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Helen lifelong leader for Music Therapy

Published: 9 December 2020 at 12:46

Professor Helen Odell-Miller

CIMTR Director continues profile-raising with Guardian article

As well as being a clinician, researcher, teacher, and Director of our Cambridge Institute for Music Therapy Research, Professor Helen Odell-Miller has long been an ambassador for music therapy worldwide - a commitment that was deservedly recognised in the 2018 New Year’s Honours List, when she was awarded an OBE.

In 1994, Helen co-founded our MA Music Therapy degree, and also led the celebrations for its 25th anniversary in October 2019.

Most recently, she was interviewed about the power of music therapy for a Guardian article about the wife of former newsreader John Suchet, whose struggle with dementia was significantly aided by listening to music. Helen said: "We know that music is calming, but it can also contribute to how people relate to each other. Staff in care homes can embed music in their daily care - if it's difficult to get someone dressed, music can help... Music can be a way of interacting when language is gone."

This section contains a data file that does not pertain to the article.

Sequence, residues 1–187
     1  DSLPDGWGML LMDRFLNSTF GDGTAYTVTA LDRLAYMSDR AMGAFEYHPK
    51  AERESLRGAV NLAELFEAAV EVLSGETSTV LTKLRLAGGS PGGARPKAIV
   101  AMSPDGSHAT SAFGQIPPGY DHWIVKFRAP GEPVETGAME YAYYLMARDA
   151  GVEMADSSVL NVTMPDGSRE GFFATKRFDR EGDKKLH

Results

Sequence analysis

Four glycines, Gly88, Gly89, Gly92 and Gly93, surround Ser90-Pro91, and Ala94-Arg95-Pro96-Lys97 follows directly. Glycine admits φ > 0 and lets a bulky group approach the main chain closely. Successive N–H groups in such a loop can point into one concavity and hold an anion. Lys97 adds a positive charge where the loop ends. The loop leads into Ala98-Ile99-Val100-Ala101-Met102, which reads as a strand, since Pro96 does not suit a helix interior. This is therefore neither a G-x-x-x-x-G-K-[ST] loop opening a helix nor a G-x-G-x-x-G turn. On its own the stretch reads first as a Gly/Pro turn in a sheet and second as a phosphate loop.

Throughout her career, Helen has worked tirelessly to strengthen music therapy both nationally, being a member of the Commission on Music and Dementia that reported to the House of Lords, and globally, raising the profile and supporting its teaching in areas including Asia and the Netherlands.

She has been a key member of several research projects, including international EU/Alzheimer’s Society project HOMESIDE, (a randomized control trial for home-based music therapy, for people with dementia and their family carer); the Marbrook Centre Partnership; and the Methodist Homes for the Aged partnership.

Helen has also published many journal articles, presented at numerous conferences, and continued to raise the profile of music therapy in the national press, such as her 2015 article in the Guardian.

Whether teaching on our MA, supervising PhD students, or performing clinical work, Helen has always been a true ambassador for music therapy, and a shining beacon of the important research conducted both at CIMTR and ARU.